|Veterinarian-Client-Patient-Relationship - VCPR|
A certificate for display at your clinic regarding VCPR requirements is available - click here.
Q. What is a Veterinarian-Client-Patient Relationship (VCPR)?
A: While there are some differences in what is necessary to establish a valid VCPR for small animal medicine versus large animal medicine, the basic factors are the same: The veterinarian assumes responsibility for making medical judgments regarding the health of the animal based on a current thorough medical knowledge of the animal(s), such knowledge is gained by recently seeing or being personally acquainted with the keeping and care of the animal to the extent necessary to properly make appropriate medical decisions the veterinarian must keep readily accessible, written medical records of his/her knowledge and treatment of the animal with sufficient detail to clearly explain the initial exam and enable another veterinarian to take over treatment of the animal based on such records, the veterinarian must provide for some form of after care in case an emergency occurs after said care is provided; and the veterinarian's actions would conform to applicable federal law and regulations.
Q. What can happen when a valid VCPR doesn't exist?
A: Inappropriate prescription medications maybe given for undiagnosed or unrelated conditions;
Inappropriate dosages are given in unapproved locations;
Meat quality assurance guidelines are ignored;
A definitive diagnosis is never made; Evidence-based medicine is not practiced;
A food animal may go to slaughter with drug residue. ( A possible human safety issue caused by drug residue is the reason most, if not all new antibiotics are script drugs).
There are many variables or questions that must be considered or answered when establishing a valid VCPR, such as: Is your client a small animal owner; does the owner have a stocker/feeder cattle operation; or does the owner have a horse or horses for commercial reasons or for recreational use. If any one of the factors listed above is missing then a valid VCPR does not exist. If a veterinarian has any question about whether a valid VCPR exists, err on the side of caution and do not prescribe, dispense or administer drugs until a thorough medical exam is conducted. When dispensing medications for administration by an animal owner/client please be mindful of your client's ability to follow your instructions. The veterinarian must, can, or should weigh the relative risk of the medicine being properly administered to the patient as well as the risk of the medicine being diverted for improper use such as human consumption.
Any veterinarian prescribing, dispensing or administering medication to animals for which a valid VCPR does not exist is in violation of the Oklahoma Veterinary Practice Act.
Q. Why is a VCPR so important?
A: A valid VCPR involves a scientific/biological examination process, knowledge of pharmacology and experienced professional judgment exercised by a duly licensed veterinarian in deciding if, when and how medications are utilized for an animal. If you have a good working relationship with your veterinarian, he or she will be able to help, advise, and guide you in the use appropriate medications for your animal. By establishing this relationship, a veterinarian also gains a better understanding and working knowledge of your animal management practices. Therefore, your veterinarian can help you make medical judgments, assist you with withdrawal times in food animals, your recordkeeping system, and can provide “extra label” drug use when deemed necessary under special circumstances. (Some medications are dangerous and can compromise the patient's well-being). Seeking and following a qualified veterinarian's advice and supervision is highly recommended regarding drug use for animals, especially in any food animal.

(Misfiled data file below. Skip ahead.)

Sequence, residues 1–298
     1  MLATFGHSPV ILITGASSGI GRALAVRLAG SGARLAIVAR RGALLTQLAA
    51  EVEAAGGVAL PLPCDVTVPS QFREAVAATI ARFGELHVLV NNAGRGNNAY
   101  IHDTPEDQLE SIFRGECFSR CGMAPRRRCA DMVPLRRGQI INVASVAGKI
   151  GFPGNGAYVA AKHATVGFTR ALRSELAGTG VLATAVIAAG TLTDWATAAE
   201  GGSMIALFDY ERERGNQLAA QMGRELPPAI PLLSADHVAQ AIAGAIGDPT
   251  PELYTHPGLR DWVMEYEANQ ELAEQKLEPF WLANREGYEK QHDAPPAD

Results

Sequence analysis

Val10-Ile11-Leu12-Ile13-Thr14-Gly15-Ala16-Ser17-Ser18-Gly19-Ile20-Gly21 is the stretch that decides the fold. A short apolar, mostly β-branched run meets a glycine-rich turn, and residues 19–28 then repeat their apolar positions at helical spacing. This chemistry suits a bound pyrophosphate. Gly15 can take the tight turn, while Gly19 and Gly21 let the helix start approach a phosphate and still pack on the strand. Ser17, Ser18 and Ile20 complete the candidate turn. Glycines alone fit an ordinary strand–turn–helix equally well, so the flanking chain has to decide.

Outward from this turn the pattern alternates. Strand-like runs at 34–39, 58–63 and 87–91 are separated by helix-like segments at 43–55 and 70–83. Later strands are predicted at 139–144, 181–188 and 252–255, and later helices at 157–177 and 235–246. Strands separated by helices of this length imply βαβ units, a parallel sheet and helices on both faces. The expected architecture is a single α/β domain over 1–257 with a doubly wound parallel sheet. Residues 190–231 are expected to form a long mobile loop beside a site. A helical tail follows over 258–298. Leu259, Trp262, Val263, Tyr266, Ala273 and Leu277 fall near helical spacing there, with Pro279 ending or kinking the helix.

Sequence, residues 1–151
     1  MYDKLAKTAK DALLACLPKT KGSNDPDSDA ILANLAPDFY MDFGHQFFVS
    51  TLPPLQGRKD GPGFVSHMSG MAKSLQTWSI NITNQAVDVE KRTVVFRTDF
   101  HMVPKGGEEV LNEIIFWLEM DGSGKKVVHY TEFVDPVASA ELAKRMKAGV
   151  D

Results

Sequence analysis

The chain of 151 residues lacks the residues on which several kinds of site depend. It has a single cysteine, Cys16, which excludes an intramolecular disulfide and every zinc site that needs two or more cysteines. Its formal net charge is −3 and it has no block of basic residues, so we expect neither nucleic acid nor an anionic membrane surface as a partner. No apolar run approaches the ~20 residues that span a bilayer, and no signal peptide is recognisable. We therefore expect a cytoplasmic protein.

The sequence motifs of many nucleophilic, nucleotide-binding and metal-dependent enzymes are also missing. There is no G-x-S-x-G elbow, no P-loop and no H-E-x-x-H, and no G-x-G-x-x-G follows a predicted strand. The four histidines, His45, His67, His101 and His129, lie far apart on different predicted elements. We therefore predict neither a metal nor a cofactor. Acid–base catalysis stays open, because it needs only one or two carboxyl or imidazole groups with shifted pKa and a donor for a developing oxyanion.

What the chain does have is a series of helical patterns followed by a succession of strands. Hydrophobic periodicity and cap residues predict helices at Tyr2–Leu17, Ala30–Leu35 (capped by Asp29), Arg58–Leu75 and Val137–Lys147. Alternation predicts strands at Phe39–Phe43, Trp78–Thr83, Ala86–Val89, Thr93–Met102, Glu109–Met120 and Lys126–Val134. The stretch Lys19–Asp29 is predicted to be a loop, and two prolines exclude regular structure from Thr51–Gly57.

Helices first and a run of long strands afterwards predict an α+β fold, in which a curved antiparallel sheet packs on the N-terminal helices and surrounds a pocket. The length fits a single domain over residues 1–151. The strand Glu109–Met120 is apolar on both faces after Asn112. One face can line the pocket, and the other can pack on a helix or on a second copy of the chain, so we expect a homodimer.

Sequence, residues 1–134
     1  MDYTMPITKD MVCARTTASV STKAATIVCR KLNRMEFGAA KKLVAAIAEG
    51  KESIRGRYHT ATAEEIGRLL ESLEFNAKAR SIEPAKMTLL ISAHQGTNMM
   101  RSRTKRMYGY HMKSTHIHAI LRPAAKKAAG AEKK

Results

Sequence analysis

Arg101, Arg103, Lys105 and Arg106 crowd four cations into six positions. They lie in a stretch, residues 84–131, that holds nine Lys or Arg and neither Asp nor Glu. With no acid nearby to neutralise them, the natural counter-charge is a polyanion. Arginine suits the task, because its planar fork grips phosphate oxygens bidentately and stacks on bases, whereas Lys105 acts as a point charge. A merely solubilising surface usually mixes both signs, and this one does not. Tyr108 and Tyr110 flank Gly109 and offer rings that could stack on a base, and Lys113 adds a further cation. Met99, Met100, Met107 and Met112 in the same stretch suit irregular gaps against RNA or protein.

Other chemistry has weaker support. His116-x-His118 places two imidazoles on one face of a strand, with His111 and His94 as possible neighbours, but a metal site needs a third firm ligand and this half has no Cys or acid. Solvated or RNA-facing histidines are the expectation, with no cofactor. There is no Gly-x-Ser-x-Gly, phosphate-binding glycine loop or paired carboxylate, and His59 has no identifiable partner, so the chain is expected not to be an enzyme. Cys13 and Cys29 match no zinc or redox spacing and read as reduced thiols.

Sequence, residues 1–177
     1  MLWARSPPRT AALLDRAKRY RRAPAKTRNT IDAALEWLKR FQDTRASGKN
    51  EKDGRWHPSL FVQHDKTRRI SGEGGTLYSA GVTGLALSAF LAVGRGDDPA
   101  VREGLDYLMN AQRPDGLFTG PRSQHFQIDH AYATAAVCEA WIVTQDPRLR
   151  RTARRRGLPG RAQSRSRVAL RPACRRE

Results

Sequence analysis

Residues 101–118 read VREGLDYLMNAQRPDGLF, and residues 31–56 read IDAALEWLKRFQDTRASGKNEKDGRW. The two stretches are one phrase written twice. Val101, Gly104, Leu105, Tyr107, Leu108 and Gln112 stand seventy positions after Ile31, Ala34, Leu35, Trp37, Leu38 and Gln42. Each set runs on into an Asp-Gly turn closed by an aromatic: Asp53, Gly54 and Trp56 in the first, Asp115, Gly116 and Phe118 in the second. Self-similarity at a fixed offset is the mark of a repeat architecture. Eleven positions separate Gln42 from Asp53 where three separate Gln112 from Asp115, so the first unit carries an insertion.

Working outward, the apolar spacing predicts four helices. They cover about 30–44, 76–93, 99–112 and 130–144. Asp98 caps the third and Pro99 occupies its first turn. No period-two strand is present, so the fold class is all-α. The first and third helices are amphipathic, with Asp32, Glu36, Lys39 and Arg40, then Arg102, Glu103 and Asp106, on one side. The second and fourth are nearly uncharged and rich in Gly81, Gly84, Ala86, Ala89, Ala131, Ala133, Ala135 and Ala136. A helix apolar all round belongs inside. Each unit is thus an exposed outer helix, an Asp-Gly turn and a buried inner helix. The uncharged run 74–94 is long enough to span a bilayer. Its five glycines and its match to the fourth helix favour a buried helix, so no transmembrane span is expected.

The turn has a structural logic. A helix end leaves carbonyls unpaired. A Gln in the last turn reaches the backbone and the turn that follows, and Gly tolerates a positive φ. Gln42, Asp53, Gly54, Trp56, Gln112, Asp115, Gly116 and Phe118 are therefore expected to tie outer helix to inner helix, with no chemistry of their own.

Q. Does the veterinarian have the right to refuse to provide a prescription?
A: Prescribing, dispensing or administering prescription drugs to an animal is generally in the discretion of the treating veterinarian. However, the Board has consistently held that it is unprofessional conduct for a veterinarian to refuse to provide a prescription to a client if deemed medically necessary and the veterinarian would have dispensed the medication for use by the patient from their own clinic. In other words, if the medication is deemed necessary by the veterinarian for treatment of a patient, then said prescription may be either dispensed by the veterinarian or if the client requests a written prescription so that the prescription can be filled by an external pharmacy. This does not mean that the veterinarian is compelled to release a requested prescription to an animal owner when there are medical or safety reasons for not releasing it or they would not dispense the medication from their own practice. If the veterinarian dispenses narcotics/controlled substances they must report it to the State's Prescription Monitoring Program (PMP). The PMP reporting process provides continuity of information between practitioners, pharmacies, and state law enforcement to help prevent prescription drug diversion and misuse of drugs in the State. In accordance with the PMP process, controlled dangerous substances must be reported within 5 minutes of dispensing.
Also, an owner and veterinarian should keep in mind that it is considered unprofessional conduct by a veterinarian to prescribe, administer or dispense any veterinary prescription drug to or for an animal solely for training, show or racing purposes and not for a medically sound reason.
The Board's staff is available to address questions concerning a valid VCPR and can be reached at 405-522-8831.